On the way to Iowa for a match last year against the Hawkeyes, the Gophers wrestling team made a pit stop at a gas station. As wrestlers filed off the bus to grab snacks for the remainder of the trip, a quirky redshirt freshman returned with a half gallon of milk.
"He finished that half gallon before we were even back on the highway," recalled last year's heavyweight, Tony Nelson.
That's not unusual for Michael Kroells.
"He likes his milk," said his roommate, Brett Pfarr, the Gophers' 184-pounder. "He probably goes through four or five gallons in a week."
The few people who knew about Kroells last year were his teammates, and it was more for his milk-drinking prowess than his wrestling. That is no longer the case.
Kroells has stepped in for the graduated Nelson at heavyweight. And if the No. 1-ranked Gophers are to capture their first NCAA championship since 2007, Kroells is going to have to step up. He is 18-8 this season, 3-3 in Big Ten matches.
Kroells faces a big test in Friday night's home match against No. 2 Iowa when he takes on Bobby Telford, the top-ranked heavyweight in the nation.
"He's a really important part of our team if we're going to achieve our goal of a national title," 174-pounder Logan Storley said of Kroells. "It was almost a guaranteed win at heavyweight last year with Tony. So it's important Michael continues to get better."
Like it or not, Kroells has landed in the hot seat.
The Gophers have a long tradition of excellence at heavyweight, and much is expected from the biggest body in the lineup.
Minnesota heavyweights started winning NCAA championships more than 70 years ago, with Leonard Levy doing it in 1941 and Verne Gagne in 1949. But U heavyweights really stepped up starting at the turn of the century, bagging five national titles since then: Brock Lesnar in 2000, Cole Konrad in 2006 and '07 and Nelson in 2012 and '13.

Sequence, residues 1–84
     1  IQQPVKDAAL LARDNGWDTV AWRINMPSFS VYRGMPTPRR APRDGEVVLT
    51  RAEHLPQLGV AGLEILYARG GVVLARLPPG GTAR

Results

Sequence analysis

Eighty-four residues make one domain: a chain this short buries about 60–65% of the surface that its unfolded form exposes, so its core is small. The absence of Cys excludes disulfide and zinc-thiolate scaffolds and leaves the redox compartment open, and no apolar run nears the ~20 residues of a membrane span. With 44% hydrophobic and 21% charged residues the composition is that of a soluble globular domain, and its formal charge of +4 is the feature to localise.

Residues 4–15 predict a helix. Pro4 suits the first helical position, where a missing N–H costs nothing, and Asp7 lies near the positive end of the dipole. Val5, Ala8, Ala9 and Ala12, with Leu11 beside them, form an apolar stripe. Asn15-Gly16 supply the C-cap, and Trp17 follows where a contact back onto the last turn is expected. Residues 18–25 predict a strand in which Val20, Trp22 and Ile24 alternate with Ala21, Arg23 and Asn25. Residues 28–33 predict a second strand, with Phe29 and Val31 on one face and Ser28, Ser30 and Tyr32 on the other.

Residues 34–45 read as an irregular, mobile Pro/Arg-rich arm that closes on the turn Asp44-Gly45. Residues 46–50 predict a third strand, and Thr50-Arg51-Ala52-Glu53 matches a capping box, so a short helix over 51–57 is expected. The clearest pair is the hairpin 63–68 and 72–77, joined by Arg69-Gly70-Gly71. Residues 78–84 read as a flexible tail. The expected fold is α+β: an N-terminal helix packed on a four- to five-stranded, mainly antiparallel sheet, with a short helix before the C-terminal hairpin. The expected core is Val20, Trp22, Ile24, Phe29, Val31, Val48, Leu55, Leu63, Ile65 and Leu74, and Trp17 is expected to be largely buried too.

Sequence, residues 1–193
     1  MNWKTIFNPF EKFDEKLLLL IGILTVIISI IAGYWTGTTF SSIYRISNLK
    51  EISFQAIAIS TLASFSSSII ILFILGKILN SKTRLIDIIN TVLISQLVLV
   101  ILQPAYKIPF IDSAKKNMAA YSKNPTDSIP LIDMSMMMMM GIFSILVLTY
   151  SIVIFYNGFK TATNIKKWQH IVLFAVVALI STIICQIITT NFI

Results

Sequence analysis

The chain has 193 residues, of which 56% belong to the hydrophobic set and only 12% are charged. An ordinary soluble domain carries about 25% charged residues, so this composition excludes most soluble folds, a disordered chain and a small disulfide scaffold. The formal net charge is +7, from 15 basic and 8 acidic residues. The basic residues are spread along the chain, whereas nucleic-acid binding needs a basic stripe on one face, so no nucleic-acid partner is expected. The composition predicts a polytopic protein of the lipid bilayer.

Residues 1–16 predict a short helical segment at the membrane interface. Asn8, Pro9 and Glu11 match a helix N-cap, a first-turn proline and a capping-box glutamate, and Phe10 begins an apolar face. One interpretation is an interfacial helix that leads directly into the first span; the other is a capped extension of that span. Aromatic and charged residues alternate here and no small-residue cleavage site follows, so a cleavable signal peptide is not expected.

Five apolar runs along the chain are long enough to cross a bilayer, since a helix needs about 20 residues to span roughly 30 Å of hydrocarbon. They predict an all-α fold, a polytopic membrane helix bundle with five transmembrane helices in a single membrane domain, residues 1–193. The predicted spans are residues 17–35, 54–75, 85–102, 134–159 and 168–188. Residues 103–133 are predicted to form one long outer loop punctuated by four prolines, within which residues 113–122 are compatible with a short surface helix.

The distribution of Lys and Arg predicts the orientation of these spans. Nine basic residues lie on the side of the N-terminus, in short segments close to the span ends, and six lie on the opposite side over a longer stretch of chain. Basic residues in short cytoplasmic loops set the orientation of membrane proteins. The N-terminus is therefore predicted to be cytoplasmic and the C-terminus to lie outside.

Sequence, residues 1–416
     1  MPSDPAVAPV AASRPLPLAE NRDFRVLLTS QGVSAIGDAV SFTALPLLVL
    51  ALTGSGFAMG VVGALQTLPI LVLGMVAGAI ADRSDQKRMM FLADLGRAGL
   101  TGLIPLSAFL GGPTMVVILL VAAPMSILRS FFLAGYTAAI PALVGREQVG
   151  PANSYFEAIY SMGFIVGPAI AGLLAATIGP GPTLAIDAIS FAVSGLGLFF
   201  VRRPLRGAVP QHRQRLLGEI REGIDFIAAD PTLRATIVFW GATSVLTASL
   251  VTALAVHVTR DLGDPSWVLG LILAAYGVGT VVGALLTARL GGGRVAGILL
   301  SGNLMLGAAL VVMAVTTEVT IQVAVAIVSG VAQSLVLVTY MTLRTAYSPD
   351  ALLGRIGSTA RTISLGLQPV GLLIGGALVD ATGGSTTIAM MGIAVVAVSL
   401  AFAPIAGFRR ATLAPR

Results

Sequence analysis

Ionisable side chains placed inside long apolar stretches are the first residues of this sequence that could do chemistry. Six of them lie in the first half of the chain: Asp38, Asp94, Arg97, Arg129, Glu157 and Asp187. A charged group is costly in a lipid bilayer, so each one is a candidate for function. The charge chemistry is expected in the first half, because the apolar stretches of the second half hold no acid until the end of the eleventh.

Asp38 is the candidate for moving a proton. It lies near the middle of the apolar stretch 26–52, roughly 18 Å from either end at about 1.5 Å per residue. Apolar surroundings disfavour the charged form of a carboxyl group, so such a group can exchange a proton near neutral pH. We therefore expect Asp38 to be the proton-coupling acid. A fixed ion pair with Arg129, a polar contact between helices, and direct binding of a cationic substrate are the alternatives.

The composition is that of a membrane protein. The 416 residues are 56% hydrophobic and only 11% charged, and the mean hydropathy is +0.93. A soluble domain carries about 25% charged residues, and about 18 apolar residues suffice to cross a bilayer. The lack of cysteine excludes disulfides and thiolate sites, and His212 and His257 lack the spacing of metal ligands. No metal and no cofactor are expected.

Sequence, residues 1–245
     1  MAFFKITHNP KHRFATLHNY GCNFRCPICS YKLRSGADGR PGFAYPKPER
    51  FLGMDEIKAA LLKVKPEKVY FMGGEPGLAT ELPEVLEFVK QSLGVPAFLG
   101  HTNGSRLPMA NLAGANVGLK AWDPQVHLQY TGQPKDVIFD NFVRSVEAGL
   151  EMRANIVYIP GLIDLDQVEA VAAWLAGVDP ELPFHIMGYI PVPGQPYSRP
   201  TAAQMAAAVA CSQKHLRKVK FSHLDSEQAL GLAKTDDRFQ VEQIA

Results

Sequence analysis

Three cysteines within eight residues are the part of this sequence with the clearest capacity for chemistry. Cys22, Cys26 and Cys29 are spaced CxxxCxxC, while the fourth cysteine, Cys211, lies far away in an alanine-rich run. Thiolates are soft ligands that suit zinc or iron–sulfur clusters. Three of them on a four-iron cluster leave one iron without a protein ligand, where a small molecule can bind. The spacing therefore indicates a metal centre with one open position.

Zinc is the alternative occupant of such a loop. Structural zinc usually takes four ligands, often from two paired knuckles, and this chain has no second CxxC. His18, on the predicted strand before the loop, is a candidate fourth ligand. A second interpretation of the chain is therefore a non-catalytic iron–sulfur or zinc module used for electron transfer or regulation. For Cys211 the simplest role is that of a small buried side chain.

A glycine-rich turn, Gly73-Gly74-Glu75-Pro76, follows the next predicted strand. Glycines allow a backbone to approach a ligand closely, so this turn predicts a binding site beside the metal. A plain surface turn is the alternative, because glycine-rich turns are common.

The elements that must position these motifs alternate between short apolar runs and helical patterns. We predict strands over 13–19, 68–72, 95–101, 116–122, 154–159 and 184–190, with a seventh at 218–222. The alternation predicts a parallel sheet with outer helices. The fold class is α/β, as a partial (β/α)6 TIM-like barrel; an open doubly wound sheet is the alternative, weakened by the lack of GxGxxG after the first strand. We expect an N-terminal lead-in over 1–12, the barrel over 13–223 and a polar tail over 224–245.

"I was pretty nervous" about taking over the top spot, Kroells said. "I felt like it was a lot of pressure, and I felt like I had to live up to those guys. I've kind of changed my mind-set and looked at it as an opportunity, rather than pressure. ... If I view it as an opportunity, that gives me motivation to kind of live up to those kinds of legends."
Growing up in Belle Plaine, Minn., Kroells never imagined he would be following in the footsteps of legends. He didn't even like wrestling the first time he put on a singlet.
"A majority of it was because I was a young kid and it was hard," he said. "It was a little much at times to have to stay that focused for that long."
Kroells developed a passion for the sport. He said a turning point came during his freshman year at Scott West High School when he finished among the top six in the state tournament. He captured two state titles at Scott West and attracted attention from schools across the nation. Ultimately, it came down to Minnesota and Ivy League school Cornell, and Kroells opted to stay home.
"I wanted to go to the place where I felt I had the best chance of becoming a national champ," he said. "I felt like Minnesota was that place."
Although there wasn't much opportunity to crack the lineup with Nelson in place, Kroells got to wrestle Nelson daily in the wrestling room during his first two seasons with the Gophers.
That alone proved pivotal for his growth.
"I got to go up against the best heavyweight in the nation every day," he said. "That really prepared me for this season.
Gophers coach J Robinson said he is less concerned with Kroells' eight losses this season than he is of making sure his heavyweight reaches peak form in about two months for the Big Ten and NCAA tournaments.
"It's a process, and just because he doesn't come out of the gate and have all these wowing wins ... doesn't mean he's not getting better," Robinson said. "I can see improvement every week in what he's doing, the way he's wrestling and the confidence he brings to the mat."
The Gophers and Hawkeyes enter Friday's match with 10-0 records and top-notch talent in each weight class. But Kroells' opponent, Telford, is the best of the best.
"This weekend will be the ultimate measuring stick," Kroells said. "It's a huge opportunity for me to prove myself against a guy like that -- and it's a huge opportunity for our team to prove itself against a team like that."
©2015 the Pioneer Press (St. Paul, Minn.)
Visit the Pioneer Press (St. Paul, Minn.) at www.twincities.com
Distributed by Tribune Content Agency, LLC